In India, the lower orders use a hookah or hubble bubble, which is made of a cocoa-nut shell well cleaned out, . having a hole through the soft eye of the shell, and another on the opposite side, a little lower down, the first of which is used for the chauffoir, and the other to suck or draw the smoke from. The shell is nearly filled with water, and a composition of tobacco, sugar, and sometimes a little opium, is put into the chauffoir, in shape of a ball, about the size of a marble, which they call joggery. A live coal is then put on the ball in the chauffoir, and the hubblebubble is handed from one to another, with the best relish imaginable. Sometimes a dozen natives, get squatting on their hams, in a group, and pass this delicate article of luxury from one to another, each taking two or three good pulls at it as it goes round, and'chattermg three or four at a time, like so many apes. They likewise emit the smcke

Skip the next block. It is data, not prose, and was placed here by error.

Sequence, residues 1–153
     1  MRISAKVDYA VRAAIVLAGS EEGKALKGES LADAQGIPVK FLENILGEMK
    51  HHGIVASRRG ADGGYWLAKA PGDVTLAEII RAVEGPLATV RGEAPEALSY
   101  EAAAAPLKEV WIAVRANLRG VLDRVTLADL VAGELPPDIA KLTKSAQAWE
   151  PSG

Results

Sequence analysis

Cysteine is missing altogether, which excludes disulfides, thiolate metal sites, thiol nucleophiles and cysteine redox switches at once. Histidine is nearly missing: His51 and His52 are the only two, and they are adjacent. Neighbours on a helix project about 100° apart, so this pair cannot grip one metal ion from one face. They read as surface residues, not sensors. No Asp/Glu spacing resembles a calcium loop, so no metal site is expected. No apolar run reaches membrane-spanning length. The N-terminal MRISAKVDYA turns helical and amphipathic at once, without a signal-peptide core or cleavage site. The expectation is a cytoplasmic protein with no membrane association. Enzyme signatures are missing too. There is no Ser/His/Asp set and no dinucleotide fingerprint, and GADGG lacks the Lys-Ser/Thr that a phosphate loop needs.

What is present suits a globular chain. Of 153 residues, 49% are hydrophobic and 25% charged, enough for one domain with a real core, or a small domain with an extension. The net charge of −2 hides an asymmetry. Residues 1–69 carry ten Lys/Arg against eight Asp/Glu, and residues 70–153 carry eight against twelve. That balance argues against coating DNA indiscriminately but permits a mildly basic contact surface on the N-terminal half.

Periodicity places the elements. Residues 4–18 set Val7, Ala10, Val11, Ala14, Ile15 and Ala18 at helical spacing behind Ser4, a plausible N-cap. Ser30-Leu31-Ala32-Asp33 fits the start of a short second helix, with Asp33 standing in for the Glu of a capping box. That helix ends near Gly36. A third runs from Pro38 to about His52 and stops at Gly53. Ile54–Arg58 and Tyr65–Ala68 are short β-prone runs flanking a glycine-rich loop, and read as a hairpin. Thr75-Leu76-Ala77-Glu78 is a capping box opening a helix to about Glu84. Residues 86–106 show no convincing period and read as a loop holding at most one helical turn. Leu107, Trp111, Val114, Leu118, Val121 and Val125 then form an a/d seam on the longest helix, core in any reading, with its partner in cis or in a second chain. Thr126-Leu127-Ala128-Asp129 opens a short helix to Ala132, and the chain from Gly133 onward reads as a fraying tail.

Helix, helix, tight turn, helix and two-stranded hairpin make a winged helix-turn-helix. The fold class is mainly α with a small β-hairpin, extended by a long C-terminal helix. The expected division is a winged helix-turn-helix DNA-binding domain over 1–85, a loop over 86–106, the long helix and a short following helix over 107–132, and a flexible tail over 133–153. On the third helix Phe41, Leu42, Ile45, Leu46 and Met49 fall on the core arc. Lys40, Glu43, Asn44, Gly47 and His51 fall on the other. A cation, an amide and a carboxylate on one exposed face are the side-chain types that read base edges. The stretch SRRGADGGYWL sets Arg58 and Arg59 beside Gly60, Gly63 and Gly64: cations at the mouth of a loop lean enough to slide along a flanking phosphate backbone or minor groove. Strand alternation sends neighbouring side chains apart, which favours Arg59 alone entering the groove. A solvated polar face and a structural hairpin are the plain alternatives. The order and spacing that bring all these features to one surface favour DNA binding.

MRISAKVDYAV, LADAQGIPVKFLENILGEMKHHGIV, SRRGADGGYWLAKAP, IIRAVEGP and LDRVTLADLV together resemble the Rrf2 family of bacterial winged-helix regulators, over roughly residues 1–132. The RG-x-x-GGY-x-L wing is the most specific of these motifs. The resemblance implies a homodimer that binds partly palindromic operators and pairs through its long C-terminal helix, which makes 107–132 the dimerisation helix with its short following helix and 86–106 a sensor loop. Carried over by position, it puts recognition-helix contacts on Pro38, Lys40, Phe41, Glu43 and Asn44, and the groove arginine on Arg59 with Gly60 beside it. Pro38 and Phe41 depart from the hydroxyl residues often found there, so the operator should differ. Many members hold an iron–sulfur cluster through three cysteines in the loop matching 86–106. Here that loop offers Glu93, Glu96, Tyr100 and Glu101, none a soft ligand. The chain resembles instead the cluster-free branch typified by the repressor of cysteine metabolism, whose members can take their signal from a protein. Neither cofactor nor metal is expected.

through their nostril* like the Chinese. The women are in the habit of enjoying the hubble-bubble, in groups, in a similar manner.

The best Cheroots are manufactured at Chiusmah, near Calcutta, where likewise a great quantity are made up; they vary in length from four to eight or nine inches. A great quantity are likewise manufactured at Mnsulapatam, but Vhey are considered as much inferior to those of Bengal. At Mnsulapatam there is a very extensive manufactory of a black clammy snuff, which is sent all over Hindostan.

Camden Town. R. L.